DEAR ABBY: My partner, "Andrew," and I have been together for four years. I'm a high school teacher, and he works for a major department store. Andrew has always wanted to be a flight attendant and now has the opportunity to interview for a position with a regional carrier. If he gets the job, he will have to relocate to the mid-Atlantic.
I want him to follow his dreams and be successful, and I want to support him, but right now I'm not in a position financially to leave my job and go with him. Although I'm a good teacher, there is additional education I need to pursue, and I have worked with my department chair on a five-year plan that includes some study abroad. I hope to teach at a community college in the future, but what if I'm not hired close to where Andrew works? How do I deal with all this? -- MESSED UP MAN IN MASSACHUSETTS
DEAR MESSED UP MAN: You recognize that some challenges lie ahead for you and Andrew if you are both going to live your dreams and achieve your full potential. You say you have worked out a five-year plan that includes study abroad. In a year or two, it could have been Andrew writing me about the same insecurities you are feeling.
Separation doesn't have to mean the end of your relationship if you are both determined not to let it. You owe it to yourselves to have a little faith, give it a try, and "what will be will be."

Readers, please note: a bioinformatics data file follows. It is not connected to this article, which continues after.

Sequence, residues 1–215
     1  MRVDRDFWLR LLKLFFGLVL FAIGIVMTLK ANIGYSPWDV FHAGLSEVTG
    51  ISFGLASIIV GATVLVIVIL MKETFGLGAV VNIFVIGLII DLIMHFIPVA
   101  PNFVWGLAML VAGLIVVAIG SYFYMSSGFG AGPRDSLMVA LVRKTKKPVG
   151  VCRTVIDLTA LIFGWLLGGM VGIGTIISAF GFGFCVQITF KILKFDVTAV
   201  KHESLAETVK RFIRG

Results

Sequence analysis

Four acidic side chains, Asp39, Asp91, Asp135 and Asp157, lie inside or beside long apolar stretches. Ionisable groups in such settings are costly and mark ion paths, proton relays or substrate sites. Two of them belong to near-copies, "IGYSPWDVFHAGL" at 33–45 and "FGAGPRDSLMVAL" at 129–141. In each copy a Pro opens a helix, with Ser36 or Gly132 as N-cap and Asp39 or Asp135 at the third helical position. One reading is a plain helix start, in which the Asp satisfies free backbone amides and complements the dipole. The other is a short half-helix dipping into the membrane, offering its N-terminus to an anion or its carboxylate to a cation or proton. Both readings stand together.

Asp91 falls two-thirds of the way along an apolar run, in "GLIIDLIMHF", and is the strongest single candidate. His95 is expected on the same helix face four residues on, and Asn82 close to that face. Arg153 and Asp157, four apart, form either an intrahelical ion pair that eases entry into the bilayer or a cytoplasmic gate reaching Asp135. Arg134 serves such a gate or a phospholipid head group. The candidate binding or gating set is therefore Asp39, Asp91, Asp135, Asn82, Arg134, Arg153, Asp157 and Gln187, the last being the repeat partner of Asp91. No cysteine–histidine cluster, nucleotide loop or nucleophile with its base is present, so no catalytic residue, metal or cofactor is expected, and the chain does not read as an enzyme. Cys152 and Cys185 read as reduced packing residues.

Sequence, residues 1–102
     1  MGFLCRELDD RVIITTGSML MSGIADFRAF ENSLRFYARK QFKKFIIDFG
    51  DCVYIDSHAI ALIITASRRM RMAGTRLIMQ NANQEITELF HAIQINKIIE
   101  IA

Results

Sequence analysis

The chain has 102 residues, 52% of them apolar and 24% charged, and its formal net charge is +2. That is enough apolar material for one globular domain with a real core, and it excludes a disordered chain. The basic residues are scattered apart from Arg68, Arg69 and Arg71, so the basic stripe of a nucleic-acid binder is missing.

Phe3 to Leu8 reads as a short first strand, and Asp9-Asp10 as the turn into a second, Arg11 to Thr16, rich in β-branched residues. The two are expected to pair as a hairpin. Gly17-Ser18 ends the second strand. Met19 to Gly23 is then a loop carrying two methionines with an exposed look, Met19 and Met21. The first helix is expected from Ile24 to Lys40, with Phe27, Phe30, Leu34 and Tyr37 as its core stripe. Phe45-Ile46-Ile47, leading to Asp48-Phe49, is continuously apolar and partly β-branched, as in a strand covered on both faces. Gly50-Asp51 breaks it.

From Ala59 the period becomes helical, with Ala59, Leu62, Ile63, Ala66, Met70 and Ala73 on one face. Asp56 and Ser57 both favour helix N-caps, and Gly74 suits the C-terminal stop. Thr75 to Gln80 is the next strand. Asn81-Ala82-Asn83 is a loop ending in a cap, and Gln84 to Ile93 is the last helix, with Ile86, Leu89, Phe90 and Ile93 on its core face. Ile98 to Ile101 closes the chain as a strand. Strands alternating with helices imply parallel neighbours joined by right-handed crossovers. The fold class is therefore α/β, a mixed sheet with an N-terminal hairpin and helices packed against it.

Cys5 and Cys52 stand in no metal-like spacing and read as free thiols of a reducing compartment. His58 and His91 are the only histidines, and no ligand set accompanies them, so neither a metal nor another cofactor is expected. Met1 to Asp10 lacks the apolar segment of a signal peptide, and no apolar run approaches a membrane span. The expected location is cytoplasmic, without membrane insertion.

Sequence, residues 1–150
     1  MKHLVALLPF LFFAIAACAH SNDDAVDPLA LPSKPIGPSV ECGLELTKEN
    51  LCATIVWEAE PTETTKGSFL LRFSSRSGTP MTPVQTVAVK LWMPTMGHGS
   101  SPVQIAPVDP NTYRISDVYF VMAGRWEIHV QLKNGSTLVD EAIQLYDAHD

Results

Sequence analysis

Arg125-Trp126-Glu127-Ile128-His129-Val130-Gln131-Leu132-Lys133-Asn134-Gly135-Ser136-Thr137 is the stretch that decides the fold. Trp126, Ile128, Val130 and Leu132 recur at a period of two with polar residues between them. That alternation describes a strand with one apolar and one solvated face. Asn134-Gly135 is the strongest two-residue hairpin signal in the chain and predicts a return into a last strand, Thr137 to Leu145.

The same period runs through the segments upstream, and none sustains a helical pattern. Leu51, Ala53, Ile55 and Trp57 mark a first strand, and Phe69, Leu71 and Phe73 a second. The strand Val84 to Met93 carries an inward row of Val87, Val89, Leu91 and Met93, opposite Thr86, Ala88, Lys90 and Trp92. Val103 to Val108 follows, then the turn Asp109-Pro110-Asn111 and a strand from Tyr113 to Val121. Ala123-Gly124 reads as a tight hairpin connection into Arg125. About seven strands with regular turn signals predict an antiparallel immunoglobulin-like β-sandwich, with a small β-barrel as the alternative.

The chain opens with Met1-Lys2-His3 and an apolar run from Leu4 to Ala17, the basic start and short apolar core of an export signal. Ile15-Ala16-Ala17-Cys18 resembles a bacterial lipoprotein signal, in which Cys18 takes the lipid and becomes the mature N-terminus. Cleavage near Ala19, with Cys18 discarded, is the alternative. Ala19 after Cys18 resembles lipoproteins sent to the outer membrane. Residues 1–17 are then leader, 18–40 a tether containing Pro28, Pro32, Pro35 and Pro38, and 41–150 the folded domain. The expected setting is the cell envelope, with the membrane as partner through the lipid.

DEAR ABBY: Another birthday is coming up for one of my grandchildren and there is absolutely nothing we can think of that she doesn't already have five of. We are simple people but love our grandchildren and would like to get them something original once in a while. Our kids buy them everything they want in every color and style. Our grandkids have clothes they wear once and toys that are still in the packages. Spending time would be a good idea except that they want to be entertained at expensive attractions and are bored with just spending time together.
We want to be part of their lives, but we don't have a clue as to how to do it. Can you help? -- OUT OF IDEAS IN FLORIDA
DEAR OUT OF IDEAS: I'll try. Is there anything that you can MAKE for your grandchildren that cannot be found in a store -- perhaps something from your oven? Many grandchildren have fond memories of Grandma's brownies, chocolate chip cookies, apple cake, etc. If the answer is yes, then bring -- or send -- a package to your grandchildren.
I say this because my grandmother, Rose Phillips, used to have the most wonderful brownies (with powdered sugar on top!) on her kitchen counter when our family would come to visit. If she had sent me a box as a gift, I would have been delighted.
Something like this is a gift that only you can give. It's something special and it won't break the bank.
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